Jean-David Levitte, French ambassador to the United States, will lecture on “The United States and France in a World Transformed,” at noon March 13 in the Uncas A. Whitaker Hall Auditorium.
Levitte will be in St. Louis for the festivities surrounding the bicentennial celebration of the Louisiana Purchase. In addition to speaking at the University, Levitte will address The Round Table of St. Louis and visit the Alliance Francaise School. He will also attend the Bicentennial Ball and the Three Flags Commemoration Ceremony at the Arch, marking the bicentennial of the transfer of the upper Louisiana Territory.
Levitte has had a distinguished and outstanding career in the French foreign service and has served on the staff of two French presidents.
Born in 1946 in southern France, Levitte earned a law degree and is a graduate of the renowned Institute for Political Science in Paris and of the National School of Oriental Languages, where he studied Chinese and Indonesian.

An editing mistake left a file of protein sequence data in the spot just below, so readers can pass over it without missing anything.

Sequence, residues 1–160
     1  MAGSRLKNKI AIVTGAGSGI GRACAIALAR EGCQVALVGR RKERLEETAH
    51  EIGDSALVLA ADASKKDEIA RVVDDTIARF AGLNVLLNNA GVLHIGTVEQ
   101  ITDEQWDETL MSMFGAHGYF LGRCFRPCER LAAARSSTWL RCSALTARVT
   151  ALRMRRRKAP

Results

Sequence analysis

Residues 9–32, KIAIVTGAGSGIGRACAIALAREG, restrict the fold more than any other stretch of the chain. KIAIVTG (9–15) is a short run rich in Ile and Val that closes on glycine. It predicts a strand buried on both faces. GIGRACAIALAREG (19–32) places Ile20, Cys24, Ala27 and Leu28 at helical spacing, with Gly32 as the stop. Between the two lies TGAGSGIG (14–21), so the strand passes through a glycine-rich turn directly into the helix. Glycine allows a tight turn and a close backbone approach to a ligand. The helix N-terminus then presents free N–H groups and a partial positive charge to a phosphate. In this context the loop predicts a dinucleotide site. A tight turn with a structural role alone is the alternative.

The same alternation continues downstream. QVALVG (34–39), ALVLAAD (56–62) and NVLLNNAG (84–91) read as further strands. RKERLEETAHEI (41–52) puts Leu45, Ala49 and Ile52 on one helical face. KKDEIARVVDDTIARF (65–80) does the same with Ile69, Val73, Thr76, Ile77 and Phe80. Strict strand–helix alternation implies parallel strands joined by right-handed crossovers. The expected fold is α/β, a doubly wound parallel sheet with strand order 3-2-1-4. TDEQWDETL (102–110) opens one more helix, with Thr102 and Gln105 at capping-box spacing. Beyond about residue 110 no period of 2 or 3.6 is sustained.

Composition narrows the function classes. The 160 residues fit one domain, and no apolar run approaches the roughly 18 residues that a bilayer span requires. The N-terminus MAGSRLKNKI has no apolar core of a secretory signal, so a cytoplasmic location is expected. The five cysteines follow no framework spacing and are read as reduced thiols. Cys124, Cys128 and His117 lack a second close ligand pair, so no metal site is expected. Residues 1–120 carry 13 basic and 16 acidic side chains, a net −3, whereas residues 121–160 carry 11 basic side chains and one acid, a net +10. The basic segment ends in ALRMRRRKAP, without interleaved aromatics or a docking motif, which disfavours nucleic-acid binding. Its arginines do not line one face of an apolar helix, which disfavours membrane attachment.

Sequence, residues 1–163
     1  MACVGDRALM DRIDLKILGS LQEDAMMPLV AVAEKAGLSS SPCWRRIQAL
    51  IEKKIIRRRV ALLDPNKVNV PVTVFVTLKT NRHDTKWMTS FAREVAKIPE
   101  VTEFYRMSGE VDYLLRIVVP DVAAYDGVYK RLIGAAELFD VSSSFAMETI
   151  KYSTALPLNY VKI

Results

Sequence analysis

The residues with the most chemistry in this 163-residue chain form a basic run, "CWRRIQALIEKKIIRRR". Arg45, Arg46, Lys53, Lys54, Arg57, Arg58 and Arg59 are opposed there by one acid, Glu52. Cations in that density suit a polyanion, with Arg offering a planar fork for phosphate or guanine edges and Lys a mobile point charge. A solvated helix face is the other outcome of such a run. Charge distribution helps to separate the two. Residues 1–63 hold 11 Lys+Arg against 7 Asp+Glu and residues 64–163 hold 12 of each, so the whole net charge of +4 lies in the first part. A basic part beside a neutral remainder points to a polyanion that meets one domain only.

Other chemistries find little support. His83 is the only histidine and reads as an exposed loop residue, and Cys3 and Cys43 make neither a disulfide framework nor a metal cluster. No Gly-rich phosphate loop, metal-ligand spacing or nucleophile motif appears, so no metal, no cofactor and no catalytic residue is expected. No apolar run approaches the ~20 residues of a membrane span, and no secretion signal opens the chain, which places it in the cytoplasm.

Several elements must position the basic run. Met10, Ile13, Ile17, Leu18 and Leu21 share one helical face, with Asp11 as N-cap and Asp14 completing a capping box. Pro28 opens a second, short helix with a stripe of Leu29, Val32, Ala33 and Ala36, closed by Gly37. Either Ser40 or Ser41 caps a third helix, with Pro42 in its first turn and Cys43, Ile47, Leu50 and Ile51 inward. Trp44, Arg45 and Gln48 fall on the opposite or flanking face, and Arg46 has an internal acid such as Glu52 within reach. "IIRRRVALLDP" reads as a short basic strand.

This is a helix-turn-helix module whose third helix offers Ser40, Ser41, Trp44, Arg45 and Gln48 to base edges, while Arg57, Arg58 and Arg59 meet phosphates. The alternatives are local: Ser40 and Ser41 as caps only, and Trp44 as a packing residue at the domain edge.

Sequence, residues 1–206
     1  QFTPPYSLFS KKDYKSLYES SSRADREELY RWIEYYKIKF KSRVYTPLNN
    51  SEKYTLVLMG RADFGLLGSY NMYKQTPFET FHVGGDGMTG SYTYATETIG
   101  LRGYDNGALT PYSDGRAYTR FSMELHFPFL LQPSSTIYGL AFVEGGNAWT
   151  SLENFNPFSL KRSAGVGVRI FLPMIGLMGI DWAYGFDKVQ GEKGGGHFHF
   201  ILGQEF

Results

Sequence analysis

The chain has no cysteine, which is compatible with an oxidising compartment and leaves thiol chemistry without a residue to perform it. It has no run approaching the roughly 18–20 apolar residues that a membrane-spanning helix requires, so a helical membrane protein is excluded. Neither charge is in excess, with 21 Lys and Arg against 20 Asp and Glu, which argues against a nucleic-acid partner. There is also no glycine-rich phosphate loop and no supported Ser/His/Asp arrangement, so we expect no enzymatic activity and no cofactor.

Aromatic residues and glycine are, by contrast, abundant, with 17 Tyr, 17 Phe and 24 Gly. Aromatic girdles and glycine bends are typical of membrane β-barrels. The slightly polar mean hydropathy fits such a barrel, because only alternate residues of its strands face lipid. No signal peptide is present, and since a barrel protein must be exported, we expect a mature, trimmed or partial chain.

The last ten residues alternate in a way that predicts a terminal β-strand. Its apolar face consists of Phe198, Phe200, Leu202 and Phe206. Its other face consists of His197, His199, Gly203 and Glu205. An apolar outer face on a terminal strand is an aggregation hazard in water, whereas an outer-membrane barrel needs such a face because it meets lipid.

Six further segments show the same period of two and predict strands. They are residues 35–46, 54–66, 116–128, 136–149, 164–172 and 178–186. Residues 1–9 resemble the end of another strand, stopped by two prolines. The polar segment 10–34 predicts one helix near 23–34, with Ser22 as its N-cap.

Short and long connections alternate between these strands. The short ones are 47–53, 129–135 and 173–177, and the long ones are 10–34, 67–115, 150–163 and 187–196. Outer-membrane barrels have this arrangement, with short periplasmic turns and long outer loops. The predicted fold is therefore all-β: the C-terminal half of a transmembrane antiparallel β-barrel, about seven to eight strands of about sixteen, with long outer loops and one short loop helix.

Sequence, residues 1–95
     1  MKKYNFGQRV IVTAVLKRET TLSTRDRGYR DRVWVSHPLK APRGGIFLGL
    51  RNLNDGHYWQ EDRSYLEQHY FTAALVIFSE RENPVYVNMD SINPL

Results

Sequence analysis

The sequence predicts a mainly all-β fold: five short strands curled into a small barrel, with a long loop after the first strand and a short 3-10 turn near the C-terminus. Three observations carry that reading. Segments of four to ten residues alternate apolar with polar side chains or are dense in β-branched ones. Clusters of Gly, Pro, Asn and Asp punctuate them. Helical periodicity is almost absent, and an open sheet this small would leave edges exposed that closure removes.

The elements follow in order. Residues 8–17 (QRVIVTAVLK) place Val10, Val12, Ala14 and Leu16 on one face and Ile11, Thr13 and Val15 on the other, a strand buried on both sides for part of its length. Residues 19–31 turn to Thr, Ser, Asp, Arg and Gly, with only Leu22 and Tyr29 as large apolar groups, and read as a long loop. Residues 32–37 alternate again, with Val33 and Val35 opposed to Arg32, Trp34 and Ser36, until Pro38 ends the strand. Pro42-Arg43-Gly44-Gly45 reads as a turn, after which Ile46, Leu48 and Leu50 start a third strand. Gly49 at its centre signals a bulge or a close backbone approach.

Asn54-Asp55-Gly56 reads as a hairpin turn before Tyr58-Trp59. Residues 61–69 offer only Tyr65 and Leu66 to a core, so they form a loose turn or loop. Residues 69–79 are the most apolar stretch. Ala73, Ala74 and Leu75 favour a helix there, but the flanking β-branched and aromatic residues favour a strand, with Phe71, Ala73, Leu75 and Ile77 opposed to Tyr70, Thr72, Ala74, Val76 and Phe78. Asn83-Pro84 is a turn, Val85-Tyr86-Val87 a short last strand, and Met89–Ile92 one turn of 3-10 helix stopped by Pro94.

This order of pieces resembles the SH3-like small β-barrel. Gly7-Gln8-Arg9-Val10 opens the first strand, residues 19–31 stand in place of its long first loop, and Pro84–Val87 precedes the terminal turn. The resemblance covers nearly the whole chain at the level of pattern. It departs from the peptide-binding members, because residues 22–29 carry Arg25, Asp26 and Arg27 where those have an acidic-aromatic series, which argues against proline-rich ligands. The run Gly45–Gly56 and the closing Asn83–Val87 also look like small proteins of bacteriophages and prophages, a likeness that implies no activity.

A few months after his election in 1974, French President Valery Giscard d’Estaing asked Levitte to work on his staff at the Elysee Palace, where he stayed from 1975-1981.
Levitte was then assigned to his first position in the United States as second counselor at the Permanent Mission of France to the United Nations in New York.
In 1988, Levitte was designated to his first position as ambassador and served as the French permanent representative to the U.N. office in Geneva, Switzerland, from 1988-1990.
After the presidential elections in 1995, President Jacques Chirac asked Levitte to be his senior diplomatic adviser. He served in that position from 1995-2000.
Chirac appointed Levitte as French permanent representative to the United Nations in 2000, which he held until becoming ambassador to the United States.
The lecture is free and open to the public. Coffee and light refreshments will be served at 11:30 a.m.